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Making Harrisburg's Capital Beltway The Safeway
For motorists driving on the Capital Beltway surrounding Harrisburg, PA, the encounter has often been a white-knuckle experience. Thanks to the efforts of the Capital Beltway Advisory Committee, this type of encounter may become less common. The volunteer efforts of this group are making a difference in helping to transform the beltway into the safeway around Harrisburg. It's helping to reduce crashes, injuries and deaths.

The Capital Beltway Advisory Committee was formed in the aftermath of three high-profile crashes that claimed the lives of five people on the Interstate 81 portion of the Capital Beltway in February 2000. There was recognition then among many people that "business as usual" would no longer be acceptable. The beltway needed special attention. Prompted by concerned citizens, State Representative Ron Marsico, State Transportation Secretary Brad Mallory, and the Pennsylvania State Police joined forces to help form the Capital Beltway Advisory Committee (CBAC) to focus more attention on safety on the Capital Beltway.

The 26-mile Capital Beltway is the combination of three highways that surround Harrisburg, the capital city of Pennsylvania. It includes Interstate 81, Interstate 83, and State Route 581. Traffic volumes on several sections of the beltway exceed 100,000 vehicles per day, with very heavy truck traffic.

A goal of the committee was to facilitate communication and cooperation among partnering agencies. "The biggest obstacle to the program was opening a direct line of communication between partners," said Kimberly Morewood, former Safety Press Officer for PENNDOT who helped establish the CBAC. The CBAC includes representatives from the trucking industry, AAA Central Penn Auto Club, Pennsylvania State Police and the South Central Pennsylvania Highway Safety Network, where members are experts in transportation education, enforcement and engineering.

The initial hurdles were difficult to overcome. They consisted of organizing and uniting different organizations into a unified body. "The reminder of the committee's common goal is what kept us on target," Morewood said. The message was simple: driving behavior should reflect that of a high-volume, truck traffic area. Their vision: "Conduct a high visibility safety campaign targeting the Harrisburg Capital Beltway," was a more difficult challenge.

An intensive public information and educational campaign was created that ran from Memorial Day through Labor Day 2000 with the goal to change drivers' behavior and reduce the number of crashes during the summer of 2000. "We have to prevent such tragedies in the future, and a big part of doing that is with awareness and enforcement," Representative Ron Marsico said.

The CBAC held public meetings to obtain feedback and suggestions on ways to improve the highways comprising the beltway. Also used to collect information were comment cards, a website and an email address. Problems cited on the beltway included drivers not operating their vehicles safely, high traffic volumes, unusually high volumes of truck traffic, public perception regarding the lack of enforcement and outdated highway designs.

The campaign included print, television, radio spots and 14 high profile educational events targeted at specific groups. The audiences included local and transient drivers, local residents, commuters, tourists, new residents and new drivers.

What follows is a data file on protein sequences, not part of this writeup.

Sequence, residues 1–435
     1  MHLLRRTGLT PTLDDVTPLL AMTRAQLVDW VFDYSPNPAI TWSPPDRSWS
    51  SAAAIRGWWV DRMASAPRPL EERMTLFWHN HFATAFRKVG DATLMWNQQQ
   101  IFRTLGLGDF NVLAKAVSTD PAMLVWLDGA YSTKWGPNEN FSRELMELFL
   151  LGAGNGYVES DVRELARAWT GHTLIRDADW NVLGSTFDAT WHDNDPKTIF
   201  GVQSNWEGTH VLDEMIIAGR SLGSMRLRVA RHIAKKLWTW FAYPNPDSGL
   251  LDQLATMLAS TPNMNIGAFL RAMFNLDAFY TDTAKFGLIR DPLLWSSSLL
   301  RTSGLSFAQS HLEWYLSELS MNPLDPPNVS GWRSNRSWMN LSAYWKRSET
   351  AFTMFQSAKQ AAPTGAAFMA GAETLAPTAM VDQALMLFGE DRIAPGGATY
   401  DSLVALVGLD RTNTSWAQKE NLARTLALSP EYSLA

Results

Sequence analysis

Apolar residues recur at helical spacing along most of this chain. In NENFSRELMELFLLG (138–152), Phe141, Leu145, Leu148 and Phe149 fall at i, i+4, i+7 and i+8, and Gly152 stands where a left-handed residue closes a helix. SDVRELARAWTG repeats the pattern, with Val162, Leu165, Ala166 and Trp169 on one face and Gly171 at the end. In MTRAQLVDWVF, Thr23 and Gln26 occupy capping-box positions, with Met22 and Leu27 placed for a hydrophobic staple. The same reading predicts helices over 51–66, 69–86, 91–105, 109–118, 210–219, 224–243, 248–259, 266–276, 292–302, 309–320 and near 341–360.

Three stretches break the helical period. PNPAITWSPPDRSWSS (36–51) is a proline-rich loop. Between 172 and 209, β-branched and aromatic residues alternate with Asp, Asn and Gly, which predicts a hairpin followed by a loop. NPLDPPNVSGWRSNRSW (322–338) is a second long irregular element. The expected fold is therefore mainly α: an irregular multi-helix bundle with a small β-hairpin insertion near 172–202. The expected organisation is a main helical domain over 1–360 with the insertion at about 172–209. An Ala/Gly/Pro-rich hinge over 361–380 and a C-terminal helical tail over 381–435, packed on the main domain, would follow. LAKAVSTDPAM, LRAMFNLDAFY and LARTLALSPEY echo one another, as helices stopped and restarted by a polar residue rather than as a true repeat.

The campaign also included events coordinated with local trucking industries, welcome centers, the Harrisburg Senators Baseball team, a local vending company and many more sponsors. To aid in the campaign, the local PENNDOT engineering district activated variable message boards to flash "Drive the SAFEWAY on the Capital Beltway". The CBAC also introduced a "SAFEWAY Surveillance" program, an initiative to perform random observational surveillance of commercial vehicles on the beltway. Letters commending good driving behavior as well as letters noting unsafe driving practices are sent to companies of vehicles observed on the beltway.

The campaign this past year was well received and produced positive results - including a decrease in fatalities by 67%, injuries by 7%, and crashes by 16%. At the conclusion of the pilot, the CBAC developed recommendations to improve safety in four areas - in legislation, education, engineering and enforcement. Legislative recommendations included pushing for an increase in the number of patrols assigned to the beltway. The CBAC also encourages stronger partnerships between local police departments in order to decrease speed among motorists before they enter the beltway. The education program continues into this year, including a partnership with Clear Channel Broadcasting to promote seat belt usage on the beltway.

"What we're dealing with is a primary public health concern. Accomplishing a sustained decrease in crashes and improving awareness in highway safety is at the heart of the committee's efforts," Morewood explained. Through the involvement of active volunteers and the development of strong partnerships, the CBAC is helping to make the Capital Beltway the Safeway around Harrisburg.

For more information concerning the Capital Beltway Advisory Committee, contact Greg Penny, PENNDOT Community Relations Coordinator for south central Pennsylvania at (717) 787-1446 or by email at

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